So annual Android developer income is a meagre 6% of iOS with an annual rate of increase only 9% as large as iOS. The gap between the two is 1,000% and getting far larger every year.

*App numbers 2009 - 2010*
(source: Distimo)
- iOS Apps grew from 120,000 to 350,000 = 230,000 increase
- Android Apps grew from 20,000 to 130,000 = 118,000 increase (not including ringtones, wallpapers and soundscapes)
So the annual increase in app numbers was greater for iOS by 180% compared to Android. The gap between the two is increasing each year with the iOS store growing over three times as fast as Android. Also, approx 45% of Android apps are spamware according to Appbrain so the real Android total is far less.

*Advertising income per user*
(source: Mobclix)
Mobclix's Jan 2011 stats demonstrate that in the Advertising game, iPhone users are far more valuable than Android users.
In the Games category, the average iPhone user brought in more than double the advertising revenue per month compared to the average Android user, a third more income in the entertainment category and 30% more in the utilities category.
Even on Google's home turf - advertising - iOS beats Android.

*Phone Manufacturer Profit Share*
(source: Asymco)
Despite only having a 4% share of the entire cell phone market, Apple captured 51% (up from 48% last year) of the profit share of the entire cell phone industry compared to Motorola on 1%, Samsung on 2%, LG on -2% and Nokia on 17%.

As such, while Android is doing well, it is years away from passing the installed base of Apple's iOS, is only neck and neck in terms of current quarterly unit sales and is failing badly in terms of app ecosystem, revenue and manufacturer profit share.

-Mart

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happygeek
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Well played sir! :)

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z00t
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interesting article.. however i'm a poor university student and can't afford either.

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puggsly
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These one off stats are interesting in showing potential direction but not much more. As soon as android 2.0 shipped it was obvious that Google was going to make a solid product that many would jump on and it was likely that it would be the larger unit force in this industry eventually. The real question is are we headed to equilibrium or a serious unit shipment advantage for Android in the coming year? What sort of difference did a Verizon iPhone make and how huge will US sales be of the iPhone 5 with both major carriers having access to the device? How much market share can Apple keep in the tablet space this year and how quickly will Apple react with the iPod Touch to keep their momentum in the hand held market for kids.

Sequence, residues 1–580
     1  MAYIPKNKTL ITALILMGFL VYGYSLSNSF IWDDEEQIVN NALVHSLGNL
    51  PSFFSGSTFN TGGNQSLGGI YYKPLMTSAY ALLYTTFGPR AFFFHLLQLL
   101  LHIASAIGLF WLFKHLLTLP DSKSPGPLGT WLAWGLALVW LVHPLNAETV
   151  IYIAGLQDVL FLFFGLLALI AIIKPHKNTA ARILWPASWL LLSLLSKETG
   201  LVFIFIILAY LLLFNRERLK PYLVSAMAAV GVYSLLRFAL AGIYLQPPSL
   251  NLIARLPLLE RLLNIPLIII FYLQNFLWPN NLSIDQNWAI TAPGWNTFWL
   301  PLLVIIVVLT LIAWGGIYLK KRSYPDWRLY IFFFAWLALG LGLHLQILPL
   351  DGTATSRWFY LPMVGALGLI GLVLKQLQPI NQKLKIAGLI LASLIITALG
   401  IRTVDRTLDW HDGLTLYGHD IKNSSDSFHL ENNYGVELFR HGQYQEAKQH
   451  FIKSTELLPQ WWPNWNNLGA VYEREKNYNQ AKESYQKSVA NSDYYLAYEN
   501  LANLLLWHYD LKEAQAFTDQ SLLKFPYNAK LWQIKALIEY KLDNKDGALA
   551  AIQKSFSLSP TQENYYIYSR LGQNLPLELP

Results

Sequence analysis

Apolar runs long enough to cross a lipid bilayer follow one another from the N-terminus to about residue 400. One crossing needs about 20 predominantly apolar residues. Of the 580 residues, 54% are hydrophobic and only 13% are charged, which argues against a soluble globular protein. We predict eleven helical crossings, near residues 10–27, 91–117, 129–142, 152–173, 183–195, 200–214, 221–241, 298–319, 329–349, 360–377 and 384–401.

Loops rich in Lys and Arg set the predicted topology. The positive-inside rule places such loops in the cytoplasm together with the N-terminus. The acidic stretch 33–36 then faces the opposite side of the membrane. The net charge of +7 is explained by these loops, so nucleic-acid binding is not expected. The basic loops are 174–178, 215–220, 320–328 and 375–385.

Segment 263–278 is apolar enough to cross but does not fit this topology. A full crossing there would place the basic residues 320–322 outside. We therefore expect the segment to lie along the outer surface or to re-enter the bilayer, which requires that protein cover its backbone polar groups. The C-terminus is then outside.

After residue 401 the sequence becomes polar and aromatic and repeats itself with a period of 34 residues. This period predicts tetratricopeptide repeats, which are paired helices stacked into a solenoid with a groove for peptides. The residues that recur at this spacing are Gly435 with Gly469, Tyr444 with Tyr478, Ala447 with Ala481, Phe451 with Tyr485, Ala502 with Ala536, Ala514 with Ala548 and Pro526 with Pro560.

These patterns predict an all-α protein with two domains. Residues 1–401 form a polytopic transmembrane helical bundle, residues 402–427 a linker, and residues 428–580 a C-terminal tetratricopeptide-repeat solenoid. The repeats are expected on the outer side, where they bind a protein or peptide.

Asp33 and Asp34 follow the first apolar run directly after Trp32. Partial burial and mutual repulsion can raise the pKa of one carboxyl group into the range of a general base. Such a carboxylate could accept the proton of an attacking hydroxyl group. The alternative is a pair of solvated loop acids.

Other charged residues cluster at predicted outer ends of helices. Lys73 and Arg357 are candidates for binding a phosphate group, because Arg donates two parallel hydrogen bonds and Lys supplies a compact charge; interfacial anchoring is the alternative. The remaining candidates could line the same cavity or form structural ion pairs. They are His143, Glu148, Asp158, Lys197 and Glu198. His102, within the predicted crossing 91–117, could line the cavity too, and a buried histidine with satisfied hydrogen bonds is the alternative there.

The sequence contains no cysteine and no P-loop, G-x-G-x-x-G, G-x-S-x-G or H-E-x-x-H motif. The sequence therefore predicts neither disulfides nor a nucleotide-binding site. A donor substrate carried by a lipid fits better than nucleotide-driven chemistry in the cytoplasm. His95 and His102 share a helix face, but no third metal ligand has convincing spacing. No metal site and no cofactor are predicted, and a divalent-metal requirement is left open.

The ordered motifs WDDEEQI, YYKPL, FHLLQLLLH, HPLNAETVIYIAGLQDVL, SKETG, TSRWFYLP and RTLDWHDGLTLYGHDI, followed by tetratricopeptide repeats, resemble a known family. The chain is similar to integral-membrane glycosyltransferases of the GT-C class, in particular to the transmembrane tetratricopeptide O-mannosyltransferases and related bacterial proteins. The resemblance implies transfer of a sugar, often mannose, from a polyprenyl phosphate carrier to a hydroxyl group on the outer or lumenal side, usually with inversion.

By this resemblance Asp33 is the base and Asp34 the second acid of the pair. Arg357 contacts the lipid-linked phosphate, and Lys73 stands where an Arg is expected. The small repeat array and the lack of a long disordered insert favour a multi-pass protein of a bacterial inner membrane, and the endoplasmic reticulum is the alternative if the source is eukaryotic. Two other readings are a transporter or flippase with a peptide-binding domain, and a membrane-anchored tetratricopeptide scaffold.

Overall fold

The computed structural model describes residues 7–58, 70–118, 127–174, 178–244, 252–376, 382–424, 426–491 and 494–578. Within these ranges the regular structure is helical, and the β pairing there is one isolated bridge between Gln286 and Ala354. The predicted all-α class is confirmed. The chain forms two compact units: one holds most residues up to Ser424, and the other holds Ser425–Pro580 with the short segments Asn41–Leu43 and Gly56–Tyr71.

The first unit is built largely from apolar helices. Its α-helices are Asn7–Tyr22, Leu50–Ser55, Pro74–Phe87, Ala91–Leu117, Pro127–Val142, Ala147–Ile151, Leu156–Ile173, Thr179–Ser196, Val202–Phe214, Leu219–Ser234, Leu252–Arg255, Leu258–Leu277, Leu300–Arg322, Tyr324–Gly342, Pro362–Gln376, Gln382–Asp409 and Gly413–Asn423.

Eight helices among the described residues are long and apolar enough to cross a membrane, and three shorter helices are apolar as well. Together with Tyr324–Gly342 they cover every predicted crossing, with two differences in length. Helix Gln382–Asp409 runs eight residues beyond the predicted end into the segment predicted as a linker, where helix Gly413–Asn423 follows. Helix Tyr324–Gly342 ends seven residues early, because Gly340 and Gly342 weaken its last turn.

I agree that Apple is all about profit, and in the past chasing the low end didn't make sense, but with the ecosystem they have in place they could make more in iTunes/AppStore sales than they do on hardware in the coming years. This drove Apple to make low profit devices like the shuffle and Nano for music. Will it do the same for phones, tablets, and gaming systems? Will Apple cut hardware profit on products like AppleTV to drive up installed base, expecting to get it back in iTunes sales?

What ever happens, it appears that it is Apple's game to win or loose, and the current competition just keeps them in check for now. At least that's how I see it.

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crunchie
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I have the iphone4 and am thinking of buying the HTC Desire A9191.
Good move or bad?

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peter_budo
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I have the iphone4 and am thinking of buying the HTC Desire A9191.
Good move or bad?

Not many folks would understand that you talking about HTC Desire HD ;)
Never had iPhone, my last phone was HTC Hero and before that string of Sony Ericsson phones. Personally I do like this phone, much better performance then Hero, large improvement to user interface and the way you use it and interact with device, it may look bulky to some, but for me it is perfect fit.
My only downside to it at the moment is issue with SMS notifications. With upgrade to 2.2.1 HTC messed up something so often I receive SMS but there is no notification sound or icon. I have to go into messages to see if there was something. Hopefully this get sorted with update to 2.3 that someone leaked should be sometimes in summer

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sam.udo
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no matter what Andriod is dominating the mobile market and they must continue to

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peter_budo
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no matter what Andriod is dominating the mobile market and they must continue to

One sided opinion, probably based on limited knowledge of market/technologies...

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iamspartan
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Android is just starting right now and apple had just started years ago. I think, they're quite different and there's a big gap between them.